Fort Worth, Texas,
05
June
2014
|
04:49 PM
America/Chicago

Drug testing

Doc Smitty looks at pros and cons

“I’m just pretty sure he’s using drugs, can you go ahead and run a test?”

“Mrs. Jones wants to talk with you about something before you go in the room with Jimmy, want me to grab her?”

I overhear this conversation regularly between parents and nurses in my offices. Usually it leads to a long discussion between the parent and me. We discuss the pros and cons of a drug test, including the implications of a positive or negative test. It’s a conversation I would like to have with you who are reading this today.

Here are some signs that your teenager might be using drugs from the article Early Detection of Illicit Drug Use in Teenagers from the Innovations in Neuroscience:

  • Change in behavior or mannerisms
  • Change of friends/social circle
  • Prefer to be alone
  • Skip family time-daily family dinner or bigger events
  • Impaired sense of judgment
  • Sudden, unexplained drop in grades

On May 26, 2014, the American Academy of Pediatrics (AAP) released a statement against the involuntary drug testing of adolescents. I’m not sure how the rest of my fellow conservative Texas pediatricians will feel about this statement (they don’t always agree with the AAP on certain things), but I have to admit that I applaud this statement.  It's how I've addressed this issue since I started practicing and here's why.

There are a couple of instances where getting a drug test (even if it is not consented to) are critical:

  1. A teenager who is not acting normal or having other symptoms that could be related to drug intoxication (seizures, abnormal heart rhythms). In these situations knowing what the adolescent has taken is critical in choosing the correct treatment plan.
  2. A teenager has shown a change in behavior over time that could be consistent with drug use. This should only be done after careful conversation with and without the parents to see if the patient will admit to using in those contexts.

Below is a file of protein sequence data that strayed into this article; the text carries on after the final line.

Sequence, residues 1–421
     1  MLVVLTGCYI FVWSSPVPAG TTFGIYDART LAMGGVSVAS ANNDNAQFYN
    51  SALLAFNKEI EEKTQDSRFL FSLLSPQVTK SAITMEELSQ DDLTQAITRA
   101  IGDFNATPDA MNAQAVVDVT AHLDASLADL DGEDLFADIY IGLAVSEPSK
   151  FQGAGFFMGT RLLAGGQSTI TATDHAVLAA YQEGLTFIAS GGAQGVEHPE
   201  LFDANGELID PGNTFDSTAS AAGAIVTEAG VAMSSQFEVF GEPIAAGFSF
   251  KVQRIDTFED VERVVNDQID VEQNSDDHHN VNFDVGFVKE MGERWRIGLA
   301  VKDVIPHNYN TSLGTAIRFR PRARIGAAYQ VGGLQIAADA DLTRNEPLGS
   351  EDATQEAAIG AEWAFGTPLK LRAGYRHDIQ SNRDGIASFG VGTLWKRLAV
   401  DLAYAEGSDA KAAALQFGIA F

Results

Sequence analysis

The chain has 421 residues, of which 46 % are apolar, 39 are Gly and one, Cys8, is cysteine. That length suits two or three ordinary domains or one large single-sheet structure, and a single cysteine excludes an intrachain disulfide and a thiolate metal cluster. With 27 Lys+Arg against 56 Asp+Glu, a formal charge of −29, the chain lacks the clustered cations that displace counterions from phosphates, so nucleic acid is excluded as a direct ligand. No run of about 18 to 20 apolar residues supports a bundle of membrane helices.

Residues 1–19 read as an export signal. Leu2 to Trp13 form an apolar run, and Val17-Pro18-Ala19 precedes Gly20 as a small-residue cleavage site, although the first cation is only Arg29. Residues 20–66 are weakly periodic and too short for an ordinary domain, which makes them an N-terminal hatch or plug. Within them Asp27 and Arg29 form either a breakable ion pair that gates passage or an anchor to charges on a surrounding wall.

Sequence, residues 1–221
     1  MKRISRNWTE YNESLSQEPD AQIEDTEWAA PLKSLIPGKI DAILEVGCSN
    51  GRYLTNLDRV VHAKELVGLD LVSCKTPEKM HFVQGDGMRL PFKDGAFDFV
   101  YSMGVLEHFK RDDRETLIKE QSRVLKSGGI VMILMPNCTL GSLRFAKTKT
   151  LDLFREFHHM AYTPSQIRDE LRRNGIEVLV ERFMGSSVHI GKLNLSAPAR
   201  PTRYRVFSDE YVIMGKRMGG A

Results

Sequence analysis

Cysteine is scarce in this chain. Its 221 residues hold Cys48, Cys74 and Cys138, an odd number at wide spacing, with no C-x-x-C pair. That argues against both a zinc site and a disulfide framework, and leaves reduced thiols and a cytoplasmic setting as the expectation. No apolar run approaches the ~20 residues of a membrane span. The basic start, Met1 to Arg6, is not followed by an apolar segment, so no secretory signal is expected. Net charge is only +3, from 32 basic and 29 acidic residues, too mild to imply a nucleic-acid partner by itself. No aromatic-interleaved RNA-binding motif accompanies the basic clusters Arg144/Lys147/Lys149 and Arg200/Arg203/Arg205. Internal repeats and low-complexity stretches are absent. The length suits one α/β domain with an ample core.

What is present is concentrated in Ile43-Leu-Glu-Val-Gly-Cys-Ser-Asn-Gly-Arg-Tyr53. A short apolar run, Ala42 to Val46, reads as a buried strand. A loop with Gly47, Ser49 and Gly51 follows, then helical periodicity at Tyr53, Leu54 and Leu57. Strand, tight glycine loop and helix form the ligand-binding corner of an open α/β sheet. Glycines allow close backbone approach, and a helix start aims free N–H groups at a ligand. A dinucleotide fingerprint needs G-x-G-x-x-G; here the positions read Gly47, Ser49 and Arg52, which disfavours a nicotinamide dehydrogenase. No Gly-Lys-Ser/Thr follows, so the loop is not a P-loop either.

Some other situations where drug screens are commonly requested, but caution should be used:

  1. Juvenile delinquency - We want to know if our adolescents are doing drugs but I'm not a prosecutor and it's not my job to report them should I get a positive screen. Thus, I need to have clear documentation of who is requesting the drug test and why before I'll do a drug test that I'm not requesting because of a clinical need.
  2. Foster care - Again, I'm not in the prosecution business so if CPS wants a drug test because there were drugs in the house where a child lived, etc., I like to see who is requesting the test and why.
  3. School requests or general screening - If there has been a history of drug use and the school is requiring for re-entry, I understand. Of course, if your child is balking at random drug screening, then there's probably a conversation that needs to happen anyway.
  4. Just because - I actually get this request from parents more often than you'd think. This is the primary reason I thought commenting on this AAP statement was important.

4 Reasons Why "Random" Drug Testing for Your Teenager Could be a Bad Idea

Again, this is not to say that you should fight the school district if they are requesting for athletic participation or for other reasons. I am talking about going into your doctor’s office and requesting a drug test.

  1. Trust - A request for a drug test commonly comes in the form of a little note handed to my staff or a hallway conversation outside of the context of the visit. In those cases, it seems that the parent is requesting that I check the urine for drugs without the child knowing. This sets up a scenario where we have violated the trust of your teenager on multiple fronts. What if the test is positive? How do you handle that information? "Son, remember that urine sample that you gave at the doctor’s office, that wasn't actually for a kidney test and, by the way, why are you smoking dope?"
  2. False positives - This is rare, but can happen and imagine the headaches that it causes. Families end up chasing an unnecessary rabbit trail of therapies and other interventions because a test is imperfect.
  3. False negatives - Even if a child shows all the above symptoms of drug use and everyone is sure they are using, sometimes the tests come back negative. Now the adolescent has a free pass (at least for a while) because they can refer back to their negative test for months when you are "bugging" them about their behavior.
  4. Cheating the test - If a child is resourceful enough to get drugs and hide their use from you, they can probably find a way to cheat a drug test. This again provides a false sense of security to the parent and a free pass for the teenager for a while.
 
About the author

Justin Smith, M.D., is a Cook Children's pediatrician in Lewisville. He has a particular interest in development, behavior and care for children struggling with obesity. In his spare time, he enjoys playing with his three young children, exercising, reading and writing about parenting and pediatric health issues. He can be found on Twitter and Facebook: @thedocsmitty.

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